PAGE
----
This week, Dwight Ball abruptly announced his resignation as Premier of Newfoundland and Labrador. He was first elected in a landslide on 30 November 2015 and more narrowly re-elected less than a year ago on 16 May 2019. Although the man is deeply amiable and personally inoffensive, few will miss a tenure characterized by dithering, cowardice, and entitlement. The public response ranges from relief to anxiety. With the premier out of the picture, it is harder to hide the hungry abyss at the heart of provincial politics.
In discussing politics in Newfoundland and Labrador, it is popular to focus on individual personalities to the exclusion of other factors. While it is important to contextualize the premier as but one part of a greater systemic whole, centreing the person is largely unavoidable. Most state institutions here are either underdeveloped or malformed, so the premier and his office exercise considerable influence in policy making and governance.
Dwight Ball found himself in the premier’s chair because he encountered no resistance climbing the staircase of small-town career success. He climbed each step as he found it, from the boardroom table to political office, to party leadership, to Joey Smallwood’s desk. He climbed that final step at the top of the pyramid and floated away into the air like a balloon, blowing whichever way the wind took him.
This is risky in fine weather; so much the worse through rolling storms.
While he studiously looked the part, Dwight Ball was not a serious politician. Ball had a preternatural talent for stumbling into what may politely be termed as “unforced errors.” He was only ever loosely tethered to the earth below.
As premier, Ball could be cavalier with reckless (and often false) commitments. This was one of the defining features of his administration from the very beginning. Nothing was ever what it appeared to be at face value. The 2015 campaign was a total fraud: no tax hikes, no layoffs, and a balanced budget in four years. (We got an $800 million tax increase five months later.) Even granting that the outgoing Tory administration fudged just how bad the economic condition was, the does not explain or justify the Liberal extravagance with fantasy promises.
This pattern extended to everything the Ball Liberals touched. It’s the $2.5 billion* “Atlantic Accord”—i.e. a $3.3 billion cash advance on the federal government’s Hibernia shares, spread out over 37 years, backloaded with $800 million in servicing fees to be paid back in the 2040s and ’50s. It was constantly announcing an unfinished rate mitigation plan as a finished rate mitigation plan, hinging on an annual $200 million in imaginary money from Ottawa. It’s declaring that we will be the energy capital of Canada by 2030 because “well, why not?” It’s witnessing Justin Trudeau’s 2017 apology to residential school survivors in Labrador and then announcing that he was also going to give an apology and then never doing it. (See also: wetland capping at the Muskrat Falls reservoir.)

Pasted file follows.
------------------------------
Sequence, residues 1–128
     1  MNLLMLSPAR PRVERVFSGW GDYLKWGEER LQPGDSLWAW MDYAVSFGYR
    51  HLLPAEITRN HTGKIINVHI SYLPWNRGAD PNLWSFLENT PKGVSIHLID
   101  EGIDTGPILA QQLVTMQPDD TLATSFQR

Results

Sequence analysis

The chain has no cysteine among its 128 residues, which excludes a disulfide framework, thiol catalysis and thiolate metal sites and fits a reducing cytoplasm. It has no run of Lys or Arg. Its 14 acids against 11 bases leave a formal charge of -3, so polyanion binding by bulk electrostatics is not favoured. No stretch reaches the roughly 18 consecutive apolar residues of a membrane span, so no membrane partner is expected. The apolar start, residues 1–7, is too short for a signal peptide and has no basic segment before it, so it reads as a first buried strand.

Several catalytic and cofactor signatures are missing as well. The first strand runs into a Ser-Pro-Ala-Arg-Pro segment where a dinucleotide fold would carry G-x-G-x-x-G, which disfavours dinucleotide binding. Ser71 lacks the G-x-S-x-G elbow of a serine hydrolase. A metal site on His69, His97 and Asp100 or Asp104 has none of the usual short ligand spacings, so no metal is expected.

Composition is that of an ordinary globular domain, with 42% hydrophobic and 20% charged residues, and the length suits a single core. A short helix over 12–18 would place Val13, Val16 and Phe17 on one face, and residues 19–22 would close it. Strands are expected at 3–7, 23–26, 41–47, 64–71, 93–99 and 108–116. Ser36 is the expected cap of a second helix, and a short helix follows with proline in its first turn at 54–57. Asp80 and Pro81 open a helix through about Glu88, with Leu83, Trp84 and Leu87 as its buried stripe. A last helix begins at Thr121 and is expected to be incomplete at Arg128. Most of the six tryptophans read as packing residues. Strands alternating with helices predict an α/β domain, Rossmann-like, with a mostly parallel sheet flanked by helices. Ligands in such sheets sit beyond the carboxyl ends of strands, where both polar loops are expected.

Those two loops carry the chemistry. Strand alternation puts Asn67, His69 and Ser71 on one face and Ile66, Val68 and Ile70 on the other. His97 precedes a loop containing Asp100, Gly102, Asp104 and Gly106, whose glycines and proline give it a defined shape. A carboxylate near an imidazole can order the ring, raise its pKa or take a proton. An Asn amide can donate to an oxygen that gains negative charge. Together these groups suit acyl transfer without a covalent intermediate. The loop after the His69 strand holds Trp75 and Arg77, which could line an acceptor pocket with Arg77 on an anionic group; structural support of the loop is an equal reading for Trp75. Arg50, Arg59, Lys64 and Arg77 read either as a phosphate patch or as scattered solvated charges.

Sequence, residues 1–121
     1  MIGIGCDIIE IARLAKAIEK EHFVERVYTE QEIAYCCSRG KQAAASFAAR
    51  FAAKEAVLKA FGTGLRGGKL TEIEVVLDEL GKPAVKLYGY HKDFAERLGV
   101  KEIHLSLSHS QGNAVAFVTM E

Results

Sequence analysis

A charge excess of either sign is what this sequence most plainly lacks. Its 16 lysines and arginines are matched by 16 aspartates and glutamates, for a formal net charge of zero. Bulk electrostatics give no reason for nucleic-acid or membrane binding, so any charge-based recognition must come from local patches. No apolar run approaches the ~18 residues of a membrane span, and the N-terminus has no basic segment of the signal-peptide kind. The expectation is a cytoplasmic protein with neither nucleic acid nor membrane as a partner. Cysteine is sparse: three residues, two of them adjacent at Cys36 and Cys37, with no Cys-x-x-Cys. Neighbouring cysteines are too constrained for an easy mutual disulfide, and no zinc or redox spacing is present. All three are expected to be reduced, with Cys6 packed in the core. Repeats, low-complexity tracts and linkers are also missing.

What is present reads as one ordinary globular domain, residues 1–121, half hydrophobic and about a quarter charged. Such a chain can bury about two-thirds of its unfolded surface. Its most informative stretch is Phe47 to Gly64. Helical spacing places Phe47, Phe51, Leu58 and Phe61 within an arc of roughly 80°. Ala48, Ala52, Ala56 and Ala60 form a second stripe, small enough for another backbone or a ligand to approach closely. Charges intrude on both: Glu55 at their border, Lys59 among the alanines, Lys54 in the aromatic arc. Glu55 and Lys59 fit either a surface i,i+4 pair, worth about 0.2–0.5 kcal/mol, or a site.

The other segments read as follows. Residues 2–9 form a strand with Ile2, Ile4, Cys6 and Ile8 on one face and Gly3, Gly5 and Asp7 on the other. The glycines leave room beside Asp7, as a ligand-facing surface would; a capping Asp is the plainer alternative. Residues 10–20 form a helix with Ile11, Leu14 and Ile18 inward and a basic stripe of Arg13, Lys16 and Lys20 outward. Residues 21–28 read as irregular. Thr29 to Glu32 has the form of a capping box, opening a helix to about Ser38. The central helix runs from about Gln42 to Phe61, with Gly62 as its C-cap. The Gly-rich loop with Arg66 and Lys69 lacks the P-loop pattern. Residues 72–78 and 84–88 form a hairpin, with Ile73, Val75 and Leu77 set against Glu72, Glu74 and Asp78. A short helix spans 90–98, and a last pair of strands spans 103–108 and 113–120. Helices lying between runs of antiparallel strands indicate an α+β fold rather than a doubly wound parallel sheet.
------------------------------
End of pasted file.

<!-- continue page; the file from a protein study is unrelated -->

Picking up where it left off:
But while on occasion the premier said one thing and did another, most of the time he was never saying anything at all. I say this with earnest admiration: Dwight Ball is a true master of bluster. Even soft questions would go unanswered, transformed by the premier into a linguistic adventure that picks you up and whirls you around and lays you down again on the far side of the tracks from where you started. It is a gift when you’re working the campaign hustings but quickly breaks down when you’re running the government. Anything important would be buried in so much gloss and dross that the truth was always an expedition—and when you inevitably turned up empty-handed, the premier had bought just enough time to come up with a new wild goose chase. (And even if you turned up with your hands overflowing, it didn’t make a lick of difference.)